ALL new Jaguar Land Rover cars will offer an electric power train from 2020, Britain’s biggest car maker said as it became the latest manufacturer to embrace the electric vehicle revolution.
The company last year unveiled the I-Pace, its first electric car, and Ralf Speth, the chief executive, used a technology event yesterday to underline the Coventry-based firm’s commitment to electric vehicles.
“Every new JLR model line will be electrified from 2020, giving our customers even more choice,” Mr Speth said. “We will introduce a portfolio of electrified products across our model range, embracing fully electric, plug-in hybrid and mild hybrid vehicles.”
The Government has said it will ban the sale of all new petrol and diesel powered cars by 2040, pushing car companies to look at greener alternative forms of power, though hybrid cars with both internal combustion and electric systems are expected to still be permitted.
Mr Speth, however, also took a swipe at the recent announcement, noting there were “no detailed plans behind this bold statement”, adding that JLR did not know the framework in which it will be working. Manufacturers are investing tens of billions as they race to develop electric power trains that are able to match the performance of conventional fuelled engines.
The JLR boss yesterday predicted that autonomous and electrified cars will create massive social change, citing the UK’s 250,000 lorry drivers being made obsolete by self-driving trucks. “These are hardworking people in well-paid jobs,” said the chief executive of the car maker. “What happens to society if they lose their jobs? Who pays for them? What happens to the social fabric because of the mobility revolution?” He also noted that electric cars powered by renewable energy such as wind, solar or nuclear could “change the geopolitical map”, citing predictions of the “end of big oil”.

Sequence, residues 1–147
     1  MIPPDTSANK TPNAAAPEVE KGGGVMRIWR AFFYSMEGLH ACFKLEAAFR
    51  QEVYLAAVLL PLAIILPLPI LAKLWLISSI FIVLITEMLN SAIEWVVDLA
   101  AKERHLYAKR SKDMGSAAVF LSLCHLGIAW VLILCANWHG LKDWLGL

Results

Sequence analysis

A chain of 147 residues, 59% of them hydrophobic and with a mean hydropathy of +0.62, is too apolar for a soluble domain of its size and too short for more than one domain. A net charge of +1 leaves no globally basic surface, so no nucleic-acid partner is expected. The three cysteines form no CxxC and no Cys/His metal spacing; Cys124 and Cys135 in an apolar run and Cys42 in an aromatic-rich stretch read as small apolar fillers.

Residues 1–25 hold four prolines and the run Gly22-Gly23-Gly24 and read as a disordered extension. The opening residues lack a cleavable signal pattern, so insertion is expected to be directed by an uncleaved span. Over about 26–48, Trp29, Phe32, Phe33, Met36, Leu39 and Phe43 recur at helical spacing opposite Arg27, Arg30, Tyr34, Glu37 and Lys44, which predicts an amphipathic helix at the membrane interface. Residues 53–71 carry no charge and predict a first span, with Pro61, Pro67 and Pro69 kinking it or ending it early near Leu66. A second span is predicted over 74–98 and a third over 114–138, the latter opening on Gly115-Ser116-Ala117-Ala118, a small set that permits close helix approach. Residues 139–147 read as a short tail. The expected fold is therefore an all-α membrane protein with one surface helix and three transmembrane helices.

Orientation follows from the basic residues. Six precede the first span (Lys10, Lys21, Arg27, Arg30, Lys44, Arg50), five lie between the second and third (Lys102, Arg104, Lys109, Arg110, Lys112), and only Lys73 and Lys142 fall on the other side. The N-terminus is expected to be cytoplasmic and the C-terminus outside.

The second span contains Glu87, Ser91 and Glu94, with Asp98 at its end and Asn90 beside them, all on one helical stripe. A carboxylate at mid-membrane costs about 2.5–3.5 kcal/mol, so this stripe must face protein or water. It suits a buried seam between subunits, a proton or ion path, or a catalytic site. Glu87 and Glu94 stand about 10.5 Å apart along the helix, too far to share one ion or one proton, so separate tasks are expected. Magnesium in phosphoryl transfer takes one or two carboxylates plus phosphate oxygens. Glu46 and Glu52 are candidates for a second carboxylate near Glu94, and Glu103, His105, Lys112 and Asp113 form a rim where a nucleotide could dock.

Research suggests electric cars could see the price of a barrel of oil drop as low as $25, a level that he warned would “put the national budget of oil-producing nations under considerable threat, straining social barriers”.
At JLR’s “Tech Fest” event in London yesterday, the company also unveiled its “Future-Type” concept car. Intended to showcase how cars might look from 2040, it imagines a vehicle with full self-driving capabilities that is not owned but “shared” – meaning people summon a car only when needed.
It also imagines drivers having their own “intelligent steering wheels” that they will carry with them to operate vehicles. As well as driving, JLR expects these voice-activated systems to take control of large aspects of people’s lives, including communication, entertainment and even shopping.
The company calls the idea “Sayer” – named after the designer of the E-type sports car. Under the shared ownership model, these electronic brains could be the only part of a car that people own in the future. However, sceptics point out that smartphones already carry out many of these tasks, rendering the concept obsolete.
JLR is also revealing a classic Sixties E-type Jaguar that has been retrofitted with an electric drive train. Named the “E-type Zero”, the restored 1968 car has been fitted with a 220kW electric system.
Its lithium-ion battery pack has the same dimensions as the original XK six-cylinder engine used in the car, and has been fitted in the same space to reproduce the original car’s handling. The refitted E-type is quicker than the original car, capable of 0-62mph in 5.5 seconds, one second faster. Tim Hannig, director of JLR’s classic car unit, said combining old design and new tech created a “breathtaking driving sensation”, adding that the car’s “aim is to future-proof classic car ownership”.
Last year JLR sold 583,000 cars, with about two thirds of them built in Britain. About 80pc of the British-built cars were exported and Mr Speth said yesterday that it was “crucial there is free and fair trade” with Europe, as about 40pc of each Jaguar or Land Rover’s components were imported.
Despite this the chief executive said he was “not frustrated” by a seeming lack of progress on a Brexit deal, adding he “trusted” that politicians trying to thrash out a deal “are interested in a better society for their inhabitants and coming up with a mutual success for both sides – Europe and the UK.” Mr Speth added that new technology and ideas can come from anywhere in the globalised world and that the next stage of globalisation “must mature from competition into collaboration”.
“For companies like JLR, globalisation has been a benefit,” he said. “We are now global … but it has not eroded our Britishness.”